Voltarol - related music

Tuesday, 14 July 2009

Keeping tabs on Taubkin

I first encountered Benjamin Taubkin’s playing in 1994. In January of that year I was on my first visit to Brazil and Mrs Voltarol, my daughter, my grandson and I had been invited to dinner by a couple from São Paulo that we had previously met in London. It was - for various reasons that I won’t go into now - a very strange evening, but during the course of it the host played a CD by a singer called Zizi Possi which really grabbed our attention. I took down the details and in due course was able to buy a copy. The album was called Valsa Brasileira and the accompaniment was provided by two keyboard players and a percussionist. They were credited simply as Benjamin, Jether and Guello, although I now know the keyboard players to be Benjamin Taubkin and Jether Garotti Jnr.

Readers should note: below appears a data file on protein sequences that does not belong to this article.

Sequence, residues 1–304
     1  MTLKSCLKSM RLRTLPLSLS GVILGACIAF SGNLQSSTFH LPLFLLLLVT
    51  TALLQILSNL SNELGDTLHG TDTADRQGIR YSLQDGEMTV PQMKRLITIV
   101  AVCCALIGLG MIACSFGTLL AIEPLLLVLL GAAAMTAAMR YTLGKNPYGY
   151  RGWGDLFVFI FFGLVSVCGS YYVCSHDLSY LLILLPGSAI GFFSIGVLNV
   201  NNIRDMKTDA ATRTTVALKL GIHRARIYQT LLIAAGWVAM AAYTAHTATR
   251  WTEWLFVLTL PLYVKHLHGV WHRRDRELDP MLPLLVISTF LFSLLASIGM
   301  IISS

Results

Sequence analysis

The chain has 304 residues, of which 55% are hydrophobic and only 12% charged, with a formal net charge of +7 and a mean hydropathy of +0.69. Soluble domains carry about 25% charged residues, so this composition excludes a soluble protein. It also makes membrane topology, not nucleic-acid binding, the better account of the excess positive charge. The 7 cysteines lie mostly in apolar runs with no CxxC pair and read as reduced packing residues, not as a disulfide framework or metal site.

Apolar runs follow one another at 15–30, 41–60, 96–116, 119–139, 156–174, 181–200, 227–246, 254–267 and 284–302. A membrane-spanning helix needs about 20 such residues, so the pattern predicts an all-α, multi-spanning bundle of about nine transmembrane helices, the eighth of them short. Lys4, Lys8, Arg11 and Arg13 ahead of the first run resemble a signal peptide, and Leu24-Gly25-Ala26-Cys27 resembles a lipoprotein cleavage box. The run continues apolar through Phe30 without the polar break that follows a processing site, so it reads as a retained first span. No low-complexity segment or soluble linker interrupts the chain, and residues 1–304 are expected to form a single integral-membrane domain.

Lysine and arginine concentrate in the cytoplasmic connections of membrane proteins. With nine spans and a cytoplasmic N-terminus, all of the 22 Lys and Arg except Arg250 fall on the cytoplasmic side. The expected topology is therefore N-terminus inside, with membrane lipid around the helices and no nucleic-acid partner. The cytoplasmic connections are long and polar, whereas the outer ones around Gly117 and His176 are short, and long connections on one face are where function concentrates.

Both Taubkin and Garotti played acoustic piano as well as Roland JV1000 keyboards, but I was particularly impressed by the piano playing, the lion’s share of which was by Benjamin Taubkin. As a consequence, when I came across an album by him on a subsequent visit to São Paulo I pounced on it and was not disappointed when I got it home and played it. A Terra E O Espaço Aberto (The World and the open space) was released in 1997, featured mostly original compositions by Taubkin and was performed with Lui Coimbra (cello, guitar and charango), Marcos Suzano (percussion) and Toninho Carrasqueira (flutes). There were also guest appearances from Teco Cardoso (baritone sax) and Caito Marcondes (percussion). The music was terrific but hard to define. It mixed elements of classical composition, jazz, traditional Brazilian musical forms and experimental music in a way that was both seamless and immensely satisfying, giving as it did a taste of what was to come with his next project.